Bottoms Up Lads

I was once more knocked off my feet by the appalling reek of laxative-induced faeces, rolling down the corridor like mustard gas, searching out every corner of the longsuffering unit. A rotund little man came into sight and announced with a chuckle:
“He! He! I’ve had a good clear out. See you later.”
I viewed his retreating form, and noticed some brown liquid trickling down the back of his long socks. My worst fears were confirmed when I had a quick look in the nearby toilet and discovered that his explosive diarrhoea had left the place looking like a slaughterhouse. Luckily it was a ‘male problem’, because if the patient had been female and they had requested female attention, a short-term exchange of staff would have been necessary before the clear up operation could begin, with a reluctant female staff member being dragged in chains from another unit. We were okay this time however (sic), and soon employing our full contingent of specialist wet suction cleaners, red mops, rubber gloves, aprons, specimen containers, and yellow plastic bags to neutralise the damage.
Our manager applauded from the wings, and after a while we settled down to a rewarding cup of coffee, with the residual odours of latex and crap drifting up from our scrubbed hands and stinking clothes. Of course, most nurses knew that the smell of the unit could never really be removed, so they kept two entirely separate sets of clothing at home, like mechanics routinely isolating their oily overalls from other items. In our case, we weren’t allowed to wear uniforms, because we had a ‘rehabilitation’ philosophy of care and had to pretend that everything was normal.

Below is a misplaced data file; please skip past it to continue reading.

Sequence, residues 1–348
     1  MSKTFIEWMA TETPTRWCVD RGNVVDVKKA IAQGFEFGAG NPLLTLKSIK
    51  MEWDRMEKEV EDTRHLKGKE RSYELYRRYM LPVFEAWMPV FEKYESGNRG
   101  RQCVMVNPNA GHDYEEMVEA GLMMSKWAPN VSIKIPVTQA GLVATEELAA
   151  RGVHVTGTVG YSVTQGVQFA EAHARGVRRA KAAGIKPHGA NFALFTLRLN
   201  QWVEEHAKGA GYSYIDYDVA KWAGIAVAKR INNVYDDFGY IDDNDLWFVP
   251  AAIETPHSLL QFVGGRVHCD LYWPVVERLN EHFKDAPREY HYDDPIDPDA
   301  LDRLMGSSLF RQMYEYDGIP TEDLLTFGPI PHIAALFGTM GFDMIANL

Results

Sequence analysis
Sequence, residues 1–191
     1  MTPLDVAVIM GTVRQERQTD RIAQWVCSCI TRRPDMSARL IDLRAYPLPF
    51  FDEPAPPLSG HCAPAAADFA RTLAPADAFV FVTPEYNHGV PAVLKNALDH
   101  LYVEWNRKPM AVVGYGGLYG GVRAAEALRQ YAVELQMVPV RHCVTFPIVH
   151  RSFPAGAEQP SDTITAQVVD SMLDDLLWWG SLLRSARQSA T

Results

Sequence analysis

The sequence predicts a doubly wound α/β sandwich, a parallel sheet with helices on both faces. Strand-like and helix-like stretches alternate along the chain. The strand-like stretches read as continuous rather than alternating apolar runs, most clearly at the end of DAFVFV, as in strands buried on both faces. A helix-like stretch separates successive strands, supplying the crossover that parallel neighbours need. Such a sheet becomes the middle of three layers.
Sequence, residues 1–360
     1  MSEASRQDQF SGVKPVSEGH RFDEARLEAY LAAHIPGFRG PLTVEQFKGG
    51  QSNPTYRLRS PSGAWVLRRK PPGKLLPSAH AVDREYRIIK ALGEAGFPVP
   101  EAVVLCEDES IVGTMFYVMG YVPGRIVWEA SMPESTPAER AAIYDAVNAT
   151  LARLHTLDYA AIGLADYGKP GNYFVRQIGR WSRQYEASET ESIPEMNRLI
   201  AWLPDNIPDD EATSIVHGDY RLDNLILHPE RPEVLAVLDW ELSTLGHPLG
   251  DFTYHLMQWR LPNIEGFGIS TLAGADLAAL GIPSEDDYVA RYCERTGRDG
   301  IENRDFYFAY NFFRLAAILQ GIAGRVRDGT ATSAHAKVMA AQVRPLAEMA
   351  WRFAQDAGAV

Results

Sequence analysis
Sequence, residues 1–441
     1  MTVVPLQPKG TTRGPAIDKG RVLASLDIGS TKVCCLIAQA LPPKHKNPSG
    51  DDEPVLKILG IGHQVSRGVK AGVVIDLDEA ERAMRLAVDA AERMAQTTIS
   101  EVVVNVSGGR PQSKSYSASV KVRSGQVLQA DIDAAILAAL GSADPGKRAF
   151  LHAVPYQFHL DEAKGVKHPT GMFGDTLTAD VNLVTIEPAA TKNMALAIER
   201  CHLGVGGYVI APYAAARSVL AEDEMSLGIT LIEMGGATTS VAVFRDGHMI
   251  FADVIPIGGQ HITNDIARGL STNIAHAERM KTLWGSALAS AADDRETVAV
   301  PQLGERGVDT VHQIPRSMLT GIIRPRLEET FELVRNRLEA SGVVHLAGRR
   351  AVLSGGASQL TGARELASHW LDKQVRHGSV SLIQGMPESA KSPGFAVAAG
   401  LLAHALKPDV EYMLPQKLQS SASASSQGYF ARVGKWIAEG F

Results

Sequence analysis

What a joke.
“Well done everybody” said Richard.
“Thanks for all your support” we chorused.
Oh…mm….mm….yes…..don’t ever underestimate the role of top class leadership.”
“No of course not” I agreed. “In fact, on behalf of the staff I’d like to thank you from the heart of our bottoms.

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